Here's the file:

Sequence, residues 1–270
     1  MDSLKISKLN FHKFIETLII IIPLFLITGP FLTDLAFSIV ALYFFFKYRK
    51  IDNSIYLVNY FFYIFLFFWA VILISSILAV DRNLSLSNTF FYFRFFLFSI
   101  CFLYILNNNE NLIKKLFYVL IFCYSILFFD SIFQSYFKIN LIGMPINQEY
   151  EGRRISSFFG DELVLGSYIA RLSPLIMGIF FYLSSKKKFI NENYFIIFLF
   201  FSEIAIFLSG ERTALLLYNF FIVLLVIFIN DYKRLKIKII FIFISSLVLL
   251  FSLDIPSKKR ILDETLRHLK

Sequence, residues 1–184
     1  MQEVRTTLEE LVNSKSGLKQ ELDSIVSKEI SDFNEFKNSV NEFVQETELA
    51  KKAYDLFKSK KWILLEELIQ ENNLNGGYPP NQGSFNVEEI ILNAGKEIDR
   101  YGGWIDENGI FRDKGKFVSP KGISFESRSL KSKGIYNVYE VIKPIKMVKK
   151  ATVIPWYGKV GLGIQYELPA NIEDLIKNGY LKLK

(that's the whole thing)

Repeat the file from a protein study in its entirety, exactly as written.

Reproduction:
Sequence, residues 1–270
     1  MDSLKISKLN FHKFIETLII IIPLFLITGP FLTDLAFSIV ALYFFFKYRK
    51  IDNSIYLVNY FFYIFLFFWA VILISSILAV DRNLSLSNTF FYFRFFLFSI
   101  CFLYILNNNE NLIKKLFYVL IFCYSILFFD SIFQSYFKIN LIGMPINQEY
   151  EGRRISSFFG DELVLGSYIA RLSPLIMGIF FYLSSKKKFI NENYFIIFLF
   201  FSEIAIFLSG ERTALLLYNF FIVLLVIFIN DYKRLKIKII FIFISSLVLL
   251  FSLDIPSKKR ILDETLRHLK

Sequence, residues 1–184
     1  MQEVRTTLEE LVNSKSGLKQ ELDSIVSKEI SDFNEFKNSV NEFVQETELA
    51  KKAYDLFKSK KWILLEELIQ ENNLNGGYPP NQGSFNVEEI ILNAGKEIDR
   101  YGGWIDENGI FRDKGKFVSP KGISFESRSL KSKGIYNVYE VIKPIKMVKK
   151  ATVIPWYGKV GLGIQYELPA NIEDLIKNGY LKLK